[The following is Part II of The Skeptic and the Believer series. Click here to read the entire dialogue.]

Skeptic: The more we talk about Moshiach, the more it seems to me that it all boils down to a matter of perspective.

Believer: What do you mean?

Skeptic: The believer sees the world as an ordered and purposeful creation. Life is a process toward some end-goal, history is a journey with a destination. Evil, chaos and suffering don't fit in — so they're either some terrible mistake, or obstacles to be surmounted as part of the Divine plan. A world community united to serve the common good — or, as you might call it, Moshiach —is the most natural thing in the world. Today's world is the surrealistic one, Moshiach's world is the sane reality. If that's the way you see it, then obviously everything points in that direction. All progress and improvement that we witness in our world is part of this cosmic progression to a messianic utopia. Anything bad that happens is but a temporary and superficial regression in our climb towards redemption, or perhaps the final gasps of the doomed forces of evil.

Believer: And the skeptic?

Skeptic: The skeptic sees the world as a hostile jungle in which right succumbs to might and the good die young. He is unabashedly out for "number one" and expects no different of his fellow man. If he meets a selfless individual he is awestruck and puts him on a pedestal or in a museum. He doesn't think that the world is headed anywhere in particular.

Believer: And which scenario, in your view, is more consistent with the objective facts?

Skeptic: They're both consistent with the objective facts! That's my whole point. Depending on where you stand, on what your gut feeling is, you will interpret history and your personal experiences accordingly.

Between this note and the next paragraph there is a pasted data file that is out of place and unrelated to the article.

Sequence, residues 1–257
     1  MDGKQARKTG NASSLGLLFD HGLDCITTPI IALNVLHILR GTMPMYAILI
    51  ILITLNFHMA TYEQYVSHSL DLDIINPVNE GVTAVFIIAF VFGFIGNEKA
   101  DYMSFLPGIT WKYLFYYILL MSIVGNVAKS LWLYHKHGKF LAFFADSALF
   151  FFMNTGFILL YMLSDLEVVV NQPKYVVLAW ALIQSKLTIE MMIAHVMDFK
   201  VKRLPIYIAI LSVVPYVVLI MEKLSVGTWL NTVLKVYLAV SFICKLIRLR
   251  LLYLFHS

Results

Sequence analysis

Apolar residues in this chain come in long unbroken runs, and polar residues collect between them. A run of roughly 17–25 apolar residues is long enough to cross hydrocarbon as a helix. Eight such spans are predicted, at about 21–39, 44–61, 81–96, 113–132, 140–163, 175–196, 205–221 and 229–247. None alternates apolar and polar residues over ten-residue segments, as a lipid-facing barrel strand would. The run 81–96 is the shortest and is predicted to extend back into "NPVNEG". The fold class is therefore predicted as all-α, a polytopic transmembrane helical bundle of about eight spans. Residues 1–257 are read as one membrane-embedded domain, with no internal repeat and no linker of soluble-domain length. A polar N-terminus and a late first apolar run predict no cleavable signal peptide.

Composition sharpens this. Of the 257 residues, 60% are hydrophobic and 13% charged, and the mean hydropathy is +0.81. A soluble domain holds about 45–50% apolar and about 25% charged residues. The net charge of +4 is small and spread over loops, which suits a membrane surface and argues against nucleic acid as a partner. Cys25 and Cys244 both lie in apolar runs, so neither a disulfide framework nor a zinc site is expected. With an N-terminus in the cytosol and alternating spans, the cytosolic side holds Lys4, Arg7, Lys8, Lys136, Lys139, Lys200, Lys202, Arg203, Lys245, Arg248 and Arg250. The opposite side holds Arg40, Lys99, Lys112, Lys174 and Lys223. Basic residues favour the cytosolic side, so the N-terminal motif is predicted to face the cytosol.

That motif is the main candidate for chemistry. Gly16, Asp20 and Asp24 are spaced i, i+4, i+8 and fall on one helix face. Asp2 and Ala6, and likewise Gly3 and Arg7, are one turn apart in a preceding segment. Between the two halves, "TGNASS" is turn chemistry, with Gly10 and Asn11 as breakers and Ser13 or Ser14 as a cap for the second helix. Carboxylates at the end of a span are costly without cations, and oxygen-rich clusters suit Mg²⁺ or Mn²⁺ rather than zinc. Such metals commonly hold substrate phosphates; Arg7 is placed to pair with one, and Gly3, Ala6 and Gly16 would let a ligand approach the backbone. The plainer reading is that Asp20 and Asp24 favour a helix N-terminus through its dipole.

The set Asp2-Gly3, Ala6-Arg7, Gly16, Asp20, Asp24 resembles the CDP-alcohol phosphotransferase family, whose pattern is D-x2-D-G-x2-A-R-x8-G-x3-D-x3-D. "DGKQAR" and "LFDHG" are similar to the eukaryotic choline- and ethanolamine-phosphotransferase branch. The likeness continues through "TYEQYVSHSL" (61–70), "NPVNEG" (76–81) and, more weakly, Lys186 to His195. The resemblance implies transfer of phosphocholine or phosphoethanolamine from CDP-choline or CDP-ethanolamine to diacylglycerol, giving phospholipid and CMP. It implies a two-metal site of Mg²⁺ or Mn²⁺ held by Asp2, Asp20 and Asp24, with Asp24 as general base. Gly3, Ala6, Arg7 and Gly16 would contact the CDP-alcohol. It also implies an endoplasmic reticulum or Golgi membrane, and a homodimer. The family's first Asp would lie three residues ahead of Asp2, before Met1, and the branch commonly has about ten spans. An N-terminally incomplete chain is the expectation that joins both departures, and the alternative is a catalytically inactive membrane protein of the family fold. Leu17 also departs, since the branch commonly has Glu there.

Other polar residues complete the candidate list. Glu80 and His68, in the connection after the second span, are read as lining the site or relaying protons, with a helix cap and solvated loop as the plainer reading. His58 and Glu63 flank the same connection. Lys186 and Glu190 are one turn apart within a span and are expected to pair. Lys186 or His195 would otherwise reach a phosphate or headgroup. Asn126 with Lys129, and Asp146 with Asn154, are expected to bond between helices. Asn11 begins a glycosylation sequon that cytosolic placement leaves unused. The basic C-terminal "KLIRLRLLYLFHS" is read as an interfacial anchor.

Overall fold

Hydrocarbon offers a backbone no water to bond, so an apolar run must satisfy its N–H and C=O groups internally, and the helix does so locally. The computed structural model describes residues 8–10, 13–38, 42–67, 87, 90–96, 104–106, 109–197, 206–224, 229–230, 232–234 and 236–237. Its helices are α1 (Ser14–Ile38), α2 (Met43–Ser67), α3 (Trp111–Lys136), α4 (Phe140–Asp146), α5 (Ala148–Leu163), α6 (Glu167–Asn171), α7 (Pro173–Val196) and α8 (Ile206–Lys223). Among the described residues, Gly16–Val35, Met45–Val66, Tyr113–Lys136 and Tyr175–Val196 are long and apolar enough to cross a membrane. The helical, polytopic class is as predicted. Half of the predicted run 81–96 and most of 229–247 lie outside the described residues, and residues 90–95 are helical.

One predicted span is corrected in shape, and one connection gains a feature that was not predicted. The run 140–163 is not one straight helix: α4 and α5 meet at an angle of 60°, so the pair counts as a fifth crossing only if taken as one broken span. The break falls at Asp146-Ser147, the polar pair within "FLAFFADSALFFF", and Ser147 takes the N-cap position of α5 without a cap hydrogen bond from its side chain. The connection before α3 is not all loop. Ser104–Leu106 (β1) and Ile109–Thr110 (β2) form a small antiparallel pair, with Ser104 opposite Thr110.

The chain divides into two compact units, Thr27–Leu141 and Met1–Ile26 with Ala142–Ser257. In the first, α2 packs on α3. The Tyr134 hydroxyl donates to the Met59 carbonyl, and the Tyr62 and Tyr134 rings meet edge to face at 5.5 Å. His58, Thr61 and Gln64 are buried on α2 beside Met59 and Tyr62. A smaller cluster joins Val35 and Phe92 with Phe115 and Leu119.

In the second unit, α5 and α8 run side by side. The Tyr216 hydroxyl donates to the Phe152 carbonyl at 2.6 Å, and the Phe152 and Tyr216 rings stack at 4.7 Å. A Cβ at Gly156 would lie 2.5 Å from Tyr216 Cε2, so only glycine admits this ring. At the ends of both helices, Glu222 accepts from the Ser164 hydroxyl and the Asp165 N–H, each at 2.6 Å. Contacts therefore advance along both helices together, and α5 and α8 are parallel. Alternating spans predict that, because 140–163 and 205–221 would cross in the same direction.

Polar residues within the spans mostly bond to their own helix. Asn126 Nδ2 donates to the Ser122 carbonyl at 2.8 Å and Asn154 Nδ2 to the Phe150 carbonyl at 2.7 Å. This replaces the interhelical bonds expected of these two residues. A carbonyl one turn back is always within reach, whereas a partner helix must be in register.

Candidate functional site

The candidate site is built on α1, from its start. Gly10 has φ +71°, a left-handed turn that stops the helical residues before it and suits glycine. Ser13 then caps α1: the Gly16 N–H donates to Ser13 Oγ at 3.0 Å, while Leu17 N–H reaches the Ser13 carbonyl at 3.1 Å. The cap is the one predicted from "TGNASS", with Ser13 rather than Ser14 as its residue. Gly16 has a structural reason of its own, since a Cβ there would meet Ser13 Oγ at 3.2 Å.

Believer: Is the skeptic not moved by the velvet revolution in Eastern Europe? By the rise of freedom and democracy throughout the world? By the dismantling of nuclear arms, tanks converted into tractors, military aircraft airlifting food to the hungry?

Skeptic: Is the believer not disheartened by the slaughter in Israel? By the crime rate in Detroit? By the percentage of husbands who cheat on their wives? Again: if you see the world as a purposeful enterprise, the evening news and the history books tell of advancement and improvement, of currents of progression towards the messianic ideal under the surface of a still unperfected world. But if you view life as a series of disjointed, arbitrary events, the selfsame facts describe a jungle in which good things also sometimes happen.

Believer: But I think you're missing a crucial point. There's a major difference between the two perspectives you describe. One relies on data, on the "hard facts." The other makes its case by examining psychohistory of mankind, the deeper changes in the way that we think and feel which have been developing since the dawn of the human experience.

Skeptic: What do you mean?